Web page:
Without more” has become a familiar refrain in VPPA cases, as more courts are telling plaintiffs and their attorneys that not every sharing of information attributable to individuals and their viewing habits violates the VPPA. Instead, courts are repeatedly reminding plaintiffs that, under the VPPA, there must be more to associate a particular person with the videos they watch rather than just user IDs, device serial numbers, or other types of information that do not by themselves identify a specific individuals. To date, that analysis does not change simply because a defendant shares that non-PII with a third party, who then goes the extra mile to reverse engineer a person’s identity.  However, recent FTC guidance reminds companies to not only limit disclosures to non-PII, but to contractually prohibit third parties from attempting to re-identify the data.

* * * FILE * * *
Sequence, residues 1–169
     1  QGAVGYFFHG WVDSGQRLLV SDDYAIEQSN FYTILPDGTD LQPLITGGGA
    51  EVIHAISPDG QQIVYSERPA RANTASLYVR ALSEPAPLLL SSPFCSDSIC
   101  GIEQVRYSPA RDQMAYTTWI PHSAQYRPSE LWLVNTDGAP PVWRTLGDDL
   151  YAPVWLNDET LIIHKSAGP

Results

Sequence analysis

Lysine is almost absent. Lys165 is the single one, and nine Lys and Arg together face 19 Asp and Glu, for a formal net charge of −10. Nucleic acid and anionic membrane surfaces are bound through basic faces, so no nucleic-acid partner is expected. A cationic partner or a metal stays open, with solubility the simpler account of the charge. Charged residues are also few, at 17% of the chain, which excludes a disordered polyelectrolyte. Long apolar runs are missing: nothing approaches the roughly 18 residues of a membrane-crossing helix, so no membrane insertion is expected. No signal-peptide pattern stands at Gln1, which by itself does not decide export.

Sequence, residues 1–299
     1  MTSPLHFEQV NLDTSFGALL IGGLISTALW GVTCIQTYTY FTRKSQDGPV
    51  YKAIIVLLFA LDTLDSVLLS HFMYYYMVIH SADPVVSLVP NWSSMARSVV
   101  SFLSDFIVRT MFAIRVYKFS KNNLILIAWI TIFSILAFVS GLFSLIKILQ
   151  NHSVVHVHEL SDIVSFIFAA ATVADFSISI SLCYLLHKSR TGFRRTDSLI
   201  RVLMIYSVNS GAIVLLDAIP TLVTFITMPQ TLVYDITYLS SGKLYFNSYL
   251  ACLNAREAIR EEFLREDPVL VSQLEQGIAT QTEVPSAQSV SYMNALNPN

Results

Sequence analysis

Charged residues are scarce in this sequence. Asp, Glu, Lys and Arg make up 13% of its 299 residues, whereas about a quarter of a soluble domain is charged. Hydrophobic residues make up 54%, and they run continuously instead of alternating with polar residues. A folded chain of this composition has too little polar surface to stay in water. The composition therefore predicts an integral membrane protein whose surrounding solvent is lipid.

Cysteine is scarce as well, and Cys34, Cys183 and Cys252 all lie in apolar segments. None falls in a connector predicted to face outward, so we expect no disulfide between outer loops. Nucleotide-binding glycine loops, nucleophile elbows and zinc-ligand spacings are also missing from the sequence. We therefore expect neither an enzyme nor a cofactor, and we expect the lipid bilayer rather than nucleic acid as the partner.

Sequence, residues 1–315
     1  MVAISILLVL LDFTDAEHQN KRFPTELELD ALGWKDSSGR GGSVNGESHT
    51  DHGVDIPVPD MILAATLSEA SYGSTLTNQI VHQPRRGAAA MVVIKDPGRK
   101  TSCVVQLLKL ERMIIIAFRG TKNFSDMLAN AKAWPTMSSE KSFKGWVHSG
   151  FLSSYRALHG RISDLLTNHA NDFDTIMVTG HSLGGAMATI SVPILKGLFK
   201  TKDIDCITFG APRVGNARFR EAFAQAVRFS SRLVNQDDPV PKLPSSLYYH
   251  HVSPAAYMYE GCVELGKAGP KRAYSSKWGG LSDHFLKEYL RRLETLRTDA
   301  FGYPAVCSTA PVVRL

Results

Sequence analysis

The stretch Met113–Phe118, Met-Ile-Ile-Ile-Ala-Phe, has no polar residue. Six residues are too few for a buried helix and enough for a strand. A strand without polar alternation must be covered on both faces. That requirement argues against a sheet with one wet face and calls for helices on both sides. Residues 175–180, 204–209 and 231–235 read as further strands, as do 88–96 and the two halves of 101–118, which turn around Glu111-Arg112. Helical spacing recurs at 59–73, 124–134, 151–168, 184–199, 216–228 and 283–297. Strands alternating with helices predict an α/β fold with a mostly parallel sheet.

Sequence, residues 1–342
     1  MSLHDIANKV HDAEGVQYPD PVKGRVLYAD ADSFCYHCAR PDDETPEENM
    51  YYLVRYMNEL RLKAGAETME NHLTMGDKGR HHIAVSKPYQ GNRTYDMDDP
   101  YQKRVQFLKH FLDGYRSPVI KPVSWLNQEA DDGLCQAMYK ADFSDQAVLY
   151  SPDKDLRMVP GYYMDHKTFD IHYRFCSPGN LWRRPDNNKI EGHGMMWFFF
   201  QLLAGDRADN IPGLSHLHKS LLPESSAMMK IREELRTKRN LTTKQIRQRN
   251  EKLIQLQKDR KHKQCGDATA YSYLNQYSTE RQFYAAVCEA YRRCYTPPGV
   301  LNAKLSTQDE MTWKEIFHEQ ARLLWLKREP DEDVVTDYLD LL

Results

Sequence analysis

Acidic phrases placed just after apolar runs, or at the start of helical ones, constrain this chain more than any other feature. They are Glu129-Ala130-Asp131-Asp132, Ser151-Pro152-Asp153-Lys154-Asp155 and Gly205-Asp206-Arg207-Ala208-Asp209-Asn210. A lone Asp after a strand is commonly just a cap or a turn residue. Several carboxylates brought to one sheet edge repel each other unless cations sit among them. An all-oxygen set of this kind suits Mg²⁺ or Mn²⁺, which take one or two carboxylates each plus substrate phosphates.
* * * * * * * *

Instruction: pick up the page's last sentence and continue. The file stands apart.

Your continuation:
Even “With More,” What Can Constitute a Prohibited “Knowing” Disclosure?

While Judge Cohen’s decision permanently ended plaintiff’s action in Dow Jones, the VPPA dispute in Hulu still has the parties squaring off over what qualifies as “knowingly” disclosing PII under the VPPA. Specifically, the plaintiffs’ last surviving claim concerns whether Hulu had knowledge that by placing a Facebook “Like” button on its webpages, the cookie associated with the button (even if the “Like” button is not clicked) would transmit Hulu users’ Facebook identities and information on the video pages they access to the social media company.